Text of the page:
Politics

‘Never Trumpet War as Glorious’: The History of Memorial Day

In our country’s early years, women generally played the helpmeet role in war, as they did in the home, nursing the wounded, cooking for the troops, sewing uniforms, purchasing supplies, and tending graves. For their supportive roles during the Revolutionary War, they earned recognition from none other than General George Washington, who wrote, in 1781: “Amidst the distress and sufferings of the Army, whatever sources they have arisen, it must be a consolation to our Virtuous Country Women that they have never been accused of withholding their most zealous efforts to support the cause we are engaged in.”

In each of the wars that preceded the Women’s Armed Services Integration Act of 1948, some women nevertheless managed to join the fighting forces. Deborah Sampson was the first to serve as a soldier in the American army, donning men’s clothing and enlisting under the name Robert Shurtliff in 1782. Hundreds of women are thought to have followed a similar path and fought as men in all the wars that have occurred on North American soil, while thousands more served openly in nursing corps and administrative positions. By the time of the first Gulf War (1990–91), women were a committed and accepted presence in the armed forces. More than 40,000 servicewomen were deployed during Operations Desert Shield and Desert Storm; 16 were killed.

Memorial Day is a time for us to remember that war historically presents soldiers with a special kind of equal opportunity: to die. Unlike Veterans’ Day, which honors all service members, Memorial Day is for remembering the dead. It began as a way to specifically recall the carnage of the Civil War, in which combat deaths totaled approximately 110,000 on the Union side and 94,000 on the Confederate. After World War I (53,402 American combat deaths), the scope of Memorial Day was expanded to honor the dead of all wars. The numbers piled on throughout the 20th century: World War II (291,557 American combat deaths), Korea (33,686), Vietnam (47,424), first Gulf War (149), Afghanistan (3,509), Iraq (4,806).

On Memorial Day we gather to honor and pay our respects to the men and women, mostly very young, who have lost their lives to the violence of war. We are meant to appreciate their sacrifice, made for the nation as a whole. It’s a good day for reading the speech President Barack Obama made upon accepting the Nobel Peace Prize, in 2009, and reflecting on his outline for maintaining peace, and on these words:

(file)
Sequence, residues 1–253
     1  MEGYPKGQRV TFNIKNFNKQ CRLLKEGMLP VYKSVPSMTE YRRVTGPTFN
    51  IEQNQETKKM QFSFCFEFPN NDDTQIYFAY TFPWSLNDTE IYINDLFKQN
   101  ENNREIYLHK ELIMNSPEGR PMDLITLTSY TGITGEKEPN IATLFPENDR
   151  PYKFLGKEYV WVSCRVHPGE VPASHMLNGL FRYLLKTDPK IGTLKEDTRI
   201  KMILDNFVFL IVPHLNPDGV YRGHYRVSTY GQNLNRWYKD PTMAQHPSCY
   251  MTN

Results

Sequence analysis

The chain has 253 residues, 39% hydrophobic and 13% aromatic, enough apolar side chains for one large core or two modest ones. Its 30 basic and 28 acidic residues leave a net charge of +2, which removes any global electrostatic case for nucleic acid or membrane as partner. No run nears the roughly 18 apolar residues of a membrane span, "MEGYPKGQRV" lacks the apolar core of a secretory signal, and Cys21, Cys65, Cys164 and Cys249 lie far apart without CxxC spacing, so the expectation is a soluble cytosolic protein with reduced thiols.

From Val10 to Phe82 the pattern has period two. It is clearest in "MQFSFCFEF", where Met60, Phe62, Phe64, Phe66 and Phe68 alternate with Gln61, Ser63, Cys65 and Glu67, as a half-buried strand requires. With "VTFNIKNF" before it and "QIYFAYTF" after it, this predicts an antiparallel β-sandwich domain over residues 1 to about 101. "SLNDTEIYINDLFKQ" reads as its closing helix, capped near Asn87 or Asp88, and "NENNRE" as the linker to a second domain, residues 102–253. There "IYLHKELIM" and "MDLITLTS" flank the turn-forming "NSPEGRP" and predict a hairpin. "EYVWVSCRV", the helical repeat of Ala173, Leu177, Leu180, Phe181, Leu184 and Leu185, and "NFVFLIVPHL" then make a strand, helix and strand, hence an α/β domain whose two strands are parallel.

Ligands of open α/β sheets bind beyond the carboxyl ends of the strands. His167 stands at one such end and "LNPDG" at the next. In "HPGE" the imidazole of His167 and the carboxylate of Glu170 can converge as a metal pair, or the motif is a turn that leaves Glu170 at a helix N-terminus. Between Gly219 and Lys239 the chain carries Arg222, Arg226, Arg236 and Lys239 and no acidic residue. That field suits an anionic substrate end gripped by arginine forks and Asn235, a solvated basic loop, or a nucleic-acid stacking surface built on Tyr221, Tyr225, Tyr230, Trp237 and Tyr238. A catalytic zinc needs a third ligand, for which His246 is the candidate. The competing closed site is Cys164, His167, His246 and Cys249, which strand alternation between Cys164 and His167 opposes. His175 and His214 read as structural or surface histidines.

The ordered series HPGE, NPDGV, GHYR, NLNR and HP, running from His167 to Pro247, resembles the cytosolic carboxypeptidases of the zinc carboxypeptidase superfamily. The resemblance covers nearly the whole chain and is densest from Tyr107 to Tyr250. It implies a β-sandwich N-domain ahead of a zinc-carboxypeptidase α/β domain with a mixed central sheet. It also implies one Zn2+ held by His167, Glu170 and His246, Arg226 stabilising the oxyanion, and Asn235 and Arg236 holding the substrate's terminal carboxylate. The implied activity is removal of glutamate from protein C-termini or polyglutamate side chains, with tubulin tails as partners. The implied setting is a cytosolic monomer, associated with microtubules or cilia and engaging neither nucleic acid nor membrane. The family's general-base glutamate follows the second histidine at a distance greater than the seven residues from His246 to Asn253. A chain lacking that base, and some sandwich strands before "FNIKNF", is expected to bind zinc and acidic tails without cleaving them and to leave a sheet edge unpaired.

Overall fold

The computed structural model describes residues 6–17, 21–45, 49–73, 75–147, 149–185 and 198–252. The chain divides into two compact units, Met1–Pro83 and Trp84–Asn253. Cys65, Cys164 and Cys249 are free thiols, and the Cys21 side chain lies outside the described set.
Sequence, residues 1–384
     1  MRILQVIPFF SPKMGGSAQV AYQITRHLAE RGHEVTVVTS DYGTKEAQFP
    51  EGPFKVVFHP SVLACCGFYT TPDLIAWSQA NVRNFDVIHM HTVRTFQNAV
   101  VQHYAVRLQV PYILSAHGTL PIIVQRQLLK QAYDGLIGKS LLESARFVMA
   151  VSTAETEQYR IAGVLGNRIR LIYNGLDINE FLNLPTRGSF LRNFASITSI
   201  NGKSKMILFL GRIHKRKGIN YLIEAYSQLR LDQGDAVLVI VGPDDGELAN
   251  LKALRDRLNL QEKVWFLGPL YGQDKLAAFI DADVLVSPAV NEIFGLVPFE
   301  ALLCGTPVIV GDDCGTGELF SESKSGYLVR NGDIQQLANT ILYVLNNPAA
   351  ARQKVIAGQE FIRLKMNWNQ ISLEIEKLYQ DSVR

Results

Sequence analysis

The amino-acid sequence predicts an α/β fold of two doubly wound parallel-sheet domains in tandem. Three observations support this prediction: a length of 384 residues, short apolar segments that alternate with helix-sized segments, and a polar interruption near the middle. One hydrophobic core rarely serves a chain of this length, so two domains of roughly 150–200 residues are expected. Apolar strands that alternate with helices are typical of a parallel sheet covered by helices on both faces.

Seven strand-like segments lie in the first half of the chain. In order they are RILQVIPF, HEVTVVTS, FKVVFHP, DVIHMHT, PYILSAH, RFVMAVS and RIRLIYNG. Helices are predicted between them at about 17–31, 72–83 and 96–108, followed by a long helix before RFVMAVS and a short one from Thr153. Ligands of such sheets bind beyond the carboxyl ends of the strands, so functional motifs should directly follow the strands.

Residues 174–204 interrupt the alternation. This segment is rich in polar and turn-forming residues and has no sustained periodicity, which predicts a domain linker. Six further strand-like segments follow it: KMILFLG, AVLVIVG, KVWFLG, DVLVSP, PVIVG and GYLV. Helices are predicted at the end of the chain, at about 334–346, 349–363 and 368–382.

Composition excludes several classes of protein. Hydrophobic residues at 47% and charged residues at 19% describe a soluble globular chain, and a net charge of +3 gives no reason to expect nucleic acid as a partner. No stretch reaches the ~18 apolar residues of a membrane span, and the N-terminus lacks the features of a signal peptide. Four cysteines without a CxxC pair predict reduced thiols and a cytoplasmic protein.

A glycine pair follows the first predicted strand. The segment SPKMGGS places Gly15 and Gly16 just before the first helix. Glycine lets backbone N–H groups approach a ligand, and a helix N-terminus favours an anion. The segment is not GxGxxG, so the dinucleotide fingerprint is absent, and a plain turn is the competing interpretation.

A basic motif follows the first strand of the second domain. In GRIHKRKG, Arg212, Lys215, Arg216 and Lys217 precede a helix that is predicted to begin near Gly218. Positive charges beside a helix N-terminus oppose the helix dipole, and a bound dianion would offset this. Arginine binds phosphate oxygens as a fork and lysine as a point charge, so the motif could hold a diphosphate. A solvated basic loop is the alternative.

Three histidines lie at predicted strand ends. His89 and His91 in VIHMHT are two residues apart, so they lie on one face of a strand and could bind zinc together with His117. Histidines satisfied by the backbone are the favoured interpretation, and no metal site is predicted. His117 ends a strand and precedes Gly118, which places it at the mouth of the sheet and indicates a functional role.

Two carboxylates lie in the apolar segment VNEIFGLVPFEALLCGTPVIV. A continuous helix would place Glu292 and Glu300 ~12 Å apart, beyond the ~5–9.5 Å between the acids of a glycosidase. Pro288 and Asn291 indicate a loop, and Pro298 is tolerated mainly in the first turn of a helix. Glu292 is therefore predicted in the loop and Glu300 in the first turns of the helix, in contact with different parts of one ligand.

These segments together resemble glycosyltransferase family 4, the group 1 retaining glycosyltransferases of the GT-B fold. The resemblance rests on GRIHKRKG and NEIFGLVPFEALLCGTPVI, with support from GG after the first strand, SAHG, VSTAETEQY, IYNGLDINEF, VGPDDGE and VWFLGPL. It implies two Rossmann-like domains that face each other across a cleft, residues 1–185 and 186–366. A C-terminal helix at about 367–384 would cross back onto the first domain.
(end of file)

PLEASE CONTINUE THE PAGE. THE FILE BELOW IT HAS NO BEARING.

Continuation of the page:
The soldier’s courage and sacrifice is full of glory, expressing devotion to country, to cause, to comrades in arms. But war itself is never glorious, and we must never trumpet it as such.

 

RELATED: “Memorial Day: Remembering, and Taking Responsibility”

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  • Marc Charnow June 5, 2016 at 11:30 am

    Objections to women in combat typically relate to questioning their physical readiness, but often reveal another prejudice — that “ladies shouldn’t have to see the horrors of war.” That war is a dark, horrific side of humanity only to be witnessed by men of hardy constitution. Allowing women to choose to battle is really about Pro Choice, personal freedom and the right to decide one’s own destiny, which, ironically, are often the very principles that wars are fought to secure. I would just add that in terms of witnessing the horrors of war, thousands of women served as nurses in the Civil War. They were not dressing knee scrapes and surface wounds. It was as gruesome as it gets.

    Thanks for a great essay, Amy.

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  • Stephen Brewer June 2, 2016 at 1:56 am

    Your fact-filled essay is thought-provoking. While we do think of Memorial Day as the start of summer, the holiday’s real purpose is not entirely forgotten. To me the day is the equivalent of those memorials you come across in every French village, filled with names and inscribed “Mort pour la France.” They seem a bit out of context today but are stark reminders of sacrifice. I was jolted into a new reality when I met a beautiful young woman at a party who told me she’d been in Afghanistan for two years. Being thick, I asked her if she worked for a relief agency and she nicely explained that she was an Army captain in command of a combat unit.

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  • Esther Rosenfeld June 1, 2016 at 9:12 pm

    Very fact filled, and left me wondering about what kind of feminist I am. I shudder at the idea of my granddaughters being conscripted.
    But your point about honoring the dead on Memorial Day is right on!
    I agree with what Michelle wrote – need to develop conscienceless about this early on. Certainly got me thinking.

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  • Olly June 1, 2016 at 11:02 am

    Wonderful article, Amy!

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  • Michelle Hughes June 1, 2016 at 8:04 am

    An excellent article with a unique angle on Memorial Day. Teachers addressing the topics of the Civil War and women’s rights should include this in their class readings. We did!

    Reply